Yeah, like once you have those workflows and like just, I mean workflow is such a fancy sounding word, but it’s really just like listing out the way you do things and be like, okay, number one when like if I get a bride, I know I’m going to do this, this, this, like I do this step and then this step and just writing it out and knowing what you do and just like always having that process in place and just kind of like tweaking it until it gets better and more fluid. For example, if someone came in and was like, what do I do when a client books with me? Like if she was my VA, if I brought her into the wedding side of things, I can say like here’s the list of things to do. Like they know exactly what to do. I’m not like reinventing the wheel with every single client.
Tip 5 – Do one Thing Really well
Sometimes we’re like, “Oh I just want to add a million things!” But saying small can do wonders for your business. And as you begin the process of scaling, like adding in another product category sometimes isn’t a catalyst to scale,so keep that in mind.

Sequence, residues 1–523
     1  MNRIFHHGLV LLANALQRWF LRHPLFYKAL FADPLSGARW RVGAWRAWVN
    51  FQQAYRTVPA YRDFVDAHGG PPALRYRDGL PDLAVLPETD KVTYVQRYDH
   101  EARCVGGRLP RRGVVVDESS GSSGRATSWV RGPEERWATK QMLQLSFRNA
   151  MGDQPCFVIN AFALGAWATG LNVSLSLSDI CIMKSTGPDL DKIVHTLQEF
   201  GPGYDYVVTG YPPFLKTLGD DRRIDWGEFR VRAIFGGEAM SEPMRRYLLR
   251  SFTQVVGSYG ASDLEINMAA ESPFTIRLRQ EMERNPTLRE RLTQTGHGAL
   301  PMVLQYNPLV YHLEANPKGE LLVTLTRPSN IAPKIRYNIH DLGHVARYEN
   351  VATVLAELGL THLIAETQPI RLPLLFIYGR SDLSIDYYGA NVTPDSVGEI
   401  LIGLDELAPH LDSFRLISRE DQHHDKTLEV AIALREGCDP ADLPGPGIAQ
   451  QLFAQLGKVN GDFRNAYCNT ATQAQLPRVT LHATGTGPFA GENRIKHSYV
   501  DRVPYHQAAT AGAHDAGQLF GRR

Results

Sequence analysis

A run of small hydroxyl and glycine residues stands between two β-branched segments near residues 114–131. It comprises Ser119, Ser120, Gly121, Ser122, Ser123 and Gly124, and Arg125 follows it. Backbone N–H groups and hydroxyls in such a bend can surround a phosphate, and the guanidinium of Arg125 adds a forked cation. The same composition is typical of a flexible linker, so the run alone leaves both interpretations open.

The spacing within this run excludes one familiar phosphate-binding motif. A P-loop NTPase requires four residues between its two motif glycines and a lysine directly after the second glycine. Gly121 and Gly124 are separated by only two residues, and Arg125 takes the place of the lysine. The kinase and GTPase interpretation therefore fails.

I mean, it’s good to grow and to diversify, but in terms of scaling, why not be focused for a little bit you guys? This is actually a big part of our strategy with biz birthday bash. Like we’ve always come from the mindset of less is more and the products that we offer you guys, we want them to be done super, super well like this is not about quantity for us it’s about quality, which is why our three main things are like the Biz Bundle, A-Z Directory, and the Custom Stationery Contract. And yeah we added the USPS Mailing Agreement and We hosted the Stationer’s Summit, but those three things are the core of our business and like our strengths and we just continue to build off of those and like make the membership better and do those things like to the best of our abilities before doing a million other things.
Tip 6 – Fire yourself from the everyday tasks